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Uncovering the Topology of Time-Varying fMRI Data Using Cubical Persistence
Bastian Rieck, Tristan Yates, Christian Bock, Karsten Borgwardt, Guy Wolf, Nicholas Turk-Browne, Smita Krishnaswamy
Functional magnetic resonance imaging (fMRI) is a crucial technology for gaining insights into cognitive processes in humans. Data amassed from fMRI measurements result in volumetric data sets that vary over time. However, analysing such data presents a challenge due to the large degree of noise and person-to-person variation in how information is represented in the brain. To address this challenge, we present a novel topological approach that encodes each time point in an fMRI data set as a persistence diagram of topological features, i.e. high-dimensional voids present in the data. This representation naturally does not rely on voxel-by-voxel correspondence and is robust to noise. We show that these time-varying persistence diagrams can be clustered to find meaningful groupings between participants, and that they are also useful in studying within-subject brain state trajectories of subjects performing a particular task. Here, we apply both clustering and trajectory analysis techniques to a group of participants watching the movie 'Partly Cloudy'. We observe significant differences in both brain state trajectories and overall topological activity between adults and children watching the same movie.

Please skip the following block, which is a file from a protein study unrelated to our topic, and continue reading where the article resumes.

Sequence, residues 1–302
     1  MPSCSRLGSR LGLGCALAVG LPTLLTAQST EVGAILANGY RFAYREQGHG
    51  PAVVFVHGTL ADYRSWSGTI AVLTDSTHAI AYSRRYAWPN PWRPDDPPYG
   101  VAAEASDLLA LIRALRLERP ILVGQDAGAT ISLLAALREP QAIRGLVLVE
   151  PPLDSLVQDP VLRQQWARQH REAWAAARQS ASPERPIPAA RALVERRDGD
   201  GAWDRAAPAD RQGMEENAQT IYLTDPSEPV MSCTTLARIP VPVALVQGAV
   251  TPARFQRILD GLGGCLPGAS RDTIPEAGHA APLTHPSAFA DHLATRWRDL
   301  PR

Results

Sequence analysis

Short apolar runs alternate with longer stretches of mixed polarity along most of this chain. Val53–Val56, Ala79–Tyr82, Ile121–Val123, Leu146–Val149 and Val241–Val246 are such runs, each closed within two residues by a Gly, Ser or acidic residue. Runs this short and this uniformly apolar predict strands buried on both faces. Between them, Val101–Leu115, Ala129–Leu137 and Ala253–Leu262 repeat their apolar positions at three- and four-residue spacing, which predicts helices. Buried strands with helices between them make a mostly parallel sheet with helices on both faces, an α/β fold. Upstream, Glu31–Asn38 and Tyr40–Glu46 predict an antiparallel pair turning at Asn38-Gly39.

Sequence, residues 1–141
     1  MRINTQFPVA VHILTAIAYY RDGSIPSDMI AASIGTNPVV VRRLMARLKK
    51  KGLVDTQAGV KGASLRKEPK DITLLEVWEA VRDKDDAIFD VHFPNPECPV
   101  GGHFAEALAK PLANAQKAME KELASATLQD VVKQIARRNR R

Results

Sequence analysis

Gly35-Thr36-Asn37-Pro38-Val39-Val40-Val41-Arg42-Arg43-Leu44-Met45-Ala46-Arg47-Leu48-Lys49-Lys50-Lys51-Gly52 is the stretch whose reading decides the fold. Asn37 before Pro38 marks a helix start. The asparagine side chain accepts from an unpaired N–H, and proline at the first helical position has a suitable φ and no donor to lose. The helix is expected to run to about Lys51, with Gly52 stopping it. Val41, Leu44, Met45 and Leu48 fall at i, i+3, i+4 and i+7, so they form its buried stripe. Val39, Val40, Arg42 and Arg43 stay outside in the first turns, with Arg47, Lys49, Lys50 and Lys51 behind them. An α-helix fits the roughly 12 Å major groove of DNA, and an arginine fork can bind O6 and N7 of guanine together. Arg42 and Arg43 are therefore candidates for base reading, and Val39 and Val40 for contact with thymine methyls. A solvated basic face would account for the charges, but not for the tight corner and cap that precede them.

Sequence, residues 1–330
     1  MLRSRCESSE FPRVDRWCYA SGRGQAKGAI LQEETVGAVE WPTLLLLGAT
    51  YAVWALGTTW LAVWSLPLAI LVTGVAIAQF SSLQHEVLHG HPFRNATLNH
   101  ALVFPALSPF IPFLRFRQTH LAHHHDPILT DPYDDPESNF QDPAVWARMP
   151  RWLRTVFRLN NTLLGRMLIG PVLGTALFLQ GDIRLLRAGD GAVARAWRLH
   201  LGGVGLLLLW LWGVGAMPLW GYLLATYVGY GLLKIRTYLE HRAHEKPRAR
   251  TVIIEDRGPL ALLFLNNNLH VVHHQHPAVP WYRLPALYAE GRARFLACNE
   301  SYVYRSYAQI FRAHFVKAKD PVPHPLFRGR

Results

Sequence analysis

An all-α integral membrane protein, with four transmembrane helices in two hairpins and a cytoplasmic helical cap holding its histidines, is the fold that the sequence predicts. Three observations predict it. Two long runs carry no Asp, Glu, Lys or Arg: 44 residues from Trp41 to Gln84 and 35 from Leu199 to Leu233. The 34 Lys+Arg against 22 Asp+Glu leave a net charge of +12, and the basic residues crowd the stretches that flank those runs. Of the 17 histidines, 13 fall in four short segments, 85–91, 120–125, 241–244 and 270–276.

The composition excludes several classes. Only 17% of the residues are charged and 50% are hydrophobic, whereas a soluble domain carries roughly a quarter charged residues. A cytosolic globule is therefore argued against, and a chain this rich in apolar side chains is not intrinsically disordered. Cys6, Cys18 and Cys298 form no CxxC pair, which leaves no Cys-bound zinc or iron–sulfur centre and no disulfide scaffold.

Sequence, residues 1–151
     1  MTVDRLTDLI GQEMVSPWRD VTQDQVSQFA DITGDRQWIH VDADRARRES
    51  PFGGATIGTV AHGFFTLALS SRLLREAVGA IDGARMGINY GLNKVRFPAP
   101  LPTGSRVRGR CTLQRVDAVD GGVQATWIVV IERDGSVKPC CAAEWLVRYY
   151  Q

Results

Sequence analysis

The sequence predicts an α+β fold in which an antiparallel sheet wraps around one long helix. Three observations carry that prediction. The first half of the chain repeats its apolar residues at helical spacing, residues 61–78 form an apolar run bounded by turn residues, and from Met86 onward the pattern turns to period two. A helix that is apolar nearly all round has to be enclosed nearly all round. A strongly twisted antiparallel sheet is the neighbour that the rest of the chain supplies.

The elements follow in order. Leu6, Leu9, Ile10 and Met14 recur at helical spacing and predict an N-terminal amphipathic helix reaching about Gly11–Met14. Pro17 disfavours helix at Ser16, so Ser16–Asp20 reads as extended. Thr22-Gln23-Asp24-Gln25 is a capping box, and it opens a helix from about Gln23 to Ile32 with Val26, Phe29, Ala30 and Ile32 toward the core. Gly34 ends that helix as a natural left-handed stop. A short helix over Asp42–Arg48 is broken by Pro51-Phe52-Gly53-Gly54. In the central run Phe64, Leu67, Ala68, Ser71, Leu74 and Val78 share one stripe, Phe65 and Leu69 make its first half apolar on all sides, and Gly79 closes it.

A Persistent Weisfeiler-Lehman Procedure for Graph Classification
Bastian Rieck, Christian Bock, Karsten Borgwardt
The Weisfeiler–Lehman graph kernel exhibits competitive performance in many graph classification tasks. However, its subtree features are not able to capture connected components and cycles, topological features known for characterising graphs. To extract such features, we leverage propagated node label information and transform unweighted graphs into metric ones. This permits us to augment the subtree features with topological information obtained using persistent homology, a concept from topological data analysis. Our method, which we formalise as a generalisation of Weisfeiler–Lehman subtree features, exhibits favourable classification accuracy and its improvements in predictive performance are mainly driven by including cycle information.